Students celebrate Indigenous Peoples' Week
The Native American community at the College celebrated Indigenous Peoples’ Day last Monday, Oct. 9. The celebration, planned by Native Americans at Dartmouth, began at midnight with a drumming circle on the Green and the lighting of a sacred fire, according to Kianna Burke ’12, the Native American Program interim director.
A rally protesting the celebration of Columbus Day and celebrating Native culture was also held on Monday afternoon. Events such as film screenings, meals and workshops were held throughout the following week in celebration of Indigenous Peoples’ Week, a week-long celebration created last year by Burke.
The midnight drumming circle is an event that has taken place for many years at Dartmouth, according to NAD member Samantha Maltais ’18.
She noted that the event is something that most Native students she knows try to attend, especially considering that it is many prospective Native students’ first exposure to the Native community at Dartmouth, as it takes place during the College’s Native Fly-In program each year.
This year, the Black Hawk Singers, an Abenaki drum group, came to campus to kick off the Indigenous Peoples’ Day and Week celebrations with songs and social dancing, Burke said. Attendance at the event was around 200 to 300 people, she said.
On Monday, the Native community also held a rally at the Collis Center on the Green. NAD member Phoebe Hannan ’20, who attended both the drumming circle and rally, explained that the rally was to protest the celebration of Columbus Day in addition to issues like public education and the lack of Native representation in the media. Hannan added that the rally was intended to open a dialogue about these issues on campus. At the rally, speakers included Native American studies professors, students and community members, she said.
“We tried to make [the demonstration] conversational,” Hannan said. “We didn’t want to make it seem like we were attacking the rest of the student body about this particular day. We’ve been trying to make it more conversational while keeping our points direct and our thoughts clear. We’re not changing our opinions, just the tones in which they’re received.”
The rally also included 15 minutes of silence in remembrance of the lives lost in the acquisition of the land on which Dartmouth sits and the lives of Native alumni and students lost in recent years, Hannan said.
Roughly 40 people attended the rally this year, a decrease from past years’ attendance which reached nearly 100 people, Burke said. Both Hannan and Burke largely attributed that drop to Monday’s rain showers. Throughout the day on Monday, a sacred fire burned behind the Native American House, a new feature of the celebration of Indigenous Peoples’ Day added this year, proposed by Hannan.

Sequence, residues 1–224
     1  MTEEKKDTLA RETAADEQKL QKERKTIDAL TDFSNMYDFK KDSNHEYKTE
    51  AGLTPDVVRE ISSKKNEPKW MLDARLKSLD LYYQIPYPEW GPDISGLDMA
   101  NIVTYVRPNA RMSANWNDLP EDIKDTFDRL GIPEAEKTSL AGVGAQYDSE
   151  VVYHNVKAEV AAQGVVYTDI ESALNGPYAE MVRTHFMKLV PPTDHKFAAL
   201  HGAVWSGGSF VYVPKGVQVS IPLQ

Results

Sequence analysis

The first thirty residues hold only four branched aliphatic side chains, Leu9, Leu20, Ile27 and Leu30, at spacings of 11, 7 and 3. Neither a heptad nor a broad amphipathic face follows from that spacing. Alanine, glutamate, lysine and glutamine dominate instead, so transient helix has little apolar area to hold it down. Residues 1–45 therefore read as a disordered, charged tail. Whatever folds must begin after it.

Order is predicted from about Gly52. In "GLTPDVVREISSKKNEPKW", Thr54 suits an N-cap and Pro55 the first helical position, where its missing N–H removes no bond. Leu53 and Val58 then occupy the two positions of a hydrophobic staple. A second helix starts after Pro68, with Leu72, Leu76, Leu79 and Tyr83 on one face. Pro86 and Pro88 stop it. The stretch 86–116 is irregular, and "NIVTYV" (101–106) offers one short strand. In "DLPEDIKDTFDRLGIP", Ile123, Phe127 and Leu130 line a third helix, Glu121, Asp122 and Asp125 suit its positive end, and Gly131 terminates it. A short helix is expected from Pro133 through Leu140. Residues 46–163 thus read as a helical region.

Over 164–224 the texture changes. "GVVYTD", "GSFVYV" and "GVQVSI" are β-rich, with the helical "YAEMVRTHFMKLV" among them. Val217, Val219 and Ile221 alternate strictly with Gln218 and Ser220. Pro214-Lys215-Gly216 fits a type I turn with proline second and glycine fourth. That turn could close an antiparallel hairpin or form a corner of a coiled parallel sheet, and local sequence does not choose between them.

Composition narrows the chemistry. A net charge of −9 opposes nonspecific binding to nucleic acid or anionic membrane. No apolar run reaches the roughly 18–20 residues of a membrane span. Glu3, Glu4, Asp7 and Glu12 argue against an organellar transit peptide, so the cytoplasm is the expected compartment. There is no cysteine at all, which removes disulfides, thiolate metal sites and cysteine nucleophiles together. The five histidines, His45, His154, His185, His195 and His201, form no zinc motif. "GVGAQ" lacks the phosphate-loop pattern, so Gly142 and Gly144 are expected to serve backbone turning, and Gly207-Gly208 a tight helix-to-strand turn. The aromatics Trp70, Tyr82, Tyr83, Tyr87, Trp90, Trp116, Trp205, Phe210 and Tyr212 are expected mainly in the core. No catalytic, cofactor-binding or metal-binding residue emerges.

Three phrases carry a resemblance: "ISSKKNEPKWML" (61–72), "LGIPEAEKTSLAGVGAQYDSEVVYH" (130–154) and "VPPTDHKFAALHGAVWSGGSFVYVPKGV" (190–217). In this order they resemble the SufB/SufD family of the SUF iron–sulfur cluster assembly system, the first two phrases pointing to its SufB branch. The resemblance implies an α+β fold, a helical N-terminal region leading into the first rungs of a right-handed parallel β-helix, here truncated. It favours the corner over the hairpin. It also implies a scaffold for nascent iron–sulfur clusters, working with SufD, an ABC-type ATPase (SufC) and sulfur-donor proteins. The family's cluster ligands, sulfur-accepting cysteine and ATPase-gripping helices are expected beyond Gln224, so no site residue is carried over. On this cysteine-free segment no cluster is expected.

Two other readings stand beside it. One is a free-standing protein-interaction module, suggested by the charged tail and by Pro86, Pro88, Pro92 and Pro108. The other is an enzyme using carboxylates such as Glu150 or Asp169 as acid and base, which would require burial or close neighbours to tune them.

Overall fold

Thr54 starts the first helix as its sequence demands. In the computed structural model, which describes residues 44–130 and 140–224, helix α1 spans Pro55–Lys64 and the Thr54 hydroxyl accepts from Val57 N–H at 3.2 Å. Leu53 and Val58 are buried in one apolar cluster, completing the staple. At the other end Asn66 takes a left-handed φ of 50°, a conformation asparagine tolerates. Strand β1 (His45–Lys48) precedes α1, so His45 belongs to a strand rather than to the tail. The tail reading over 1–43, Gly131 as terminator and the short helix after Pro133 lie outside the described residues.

“I brought [the idea of having a sacred fire] forth because in other events and conferences when people come together in my tribe, you’re supposed to have a sacred fire burning to show that you people are coming together and your ancestors are communicating with each other,” Hannan said. “I thought it would be appropriate because it’s not something that’s us against the world or us against the rest of campus, it’s more like us coming together with other people to spread this idea and promote change.”
Hannan, who tended to the fire from its lighting at midnight until 9:30 a.m. on Monday, added that in adding the sacred fire to the celebrations, an effort was also made to keep with Abenaki traditions since the College sits on territory that Abenaki people once claimed. Abenaki student Mali-Agat Obomsawin ’18 led the opening prayer and shared information about Abenaki traditions.
“We wanted to make it inclusive while keeping with Abenaki tradition, so people could pray around the fire the way they wanted to but the fire was kept up in the Abenaki way,” Hannan said.
In accordance with Abenaki tradition, the fire was fed with tobacco and cedar throughout the night, she added.
Aside from the events on Indigenous Peoples’ Day, Indigenous Peoples’ Week programming was planned by the Native American Program. Events included conversations, film screenings and workshops, including a presentation by Margaret Jacobs ’08, a local indigenous artist.
Last year, this celebration was called Native American Heritage Week, Burke said.
“We changed [the name of the celebration] to Indigenous Peoples’ Week because I think it better reflects the celebration that we have on Indigenous Peoples’ Day, and we’re hoping for it to expand to all indigenous identities instead of just Native American,” Burke said.
Burke emphasized the importance of recognizing the holiday on campus, especially considering Dartmouth’s history. The College was founded on the principle of educating Native students but failed to adhere to that mission until former College President John G. Kemeny recommitted Dartmouth to the goal of educating Native students in the 1970s, according to Burke.
Maltais noted that visibility is an important facet of the Indigenous Peoples’ Day celebration on campus.
“It’s so important to show that Native people are still here and that we are being educated at the same ivory tower that was initially created to ‘civilize’ us,” she said.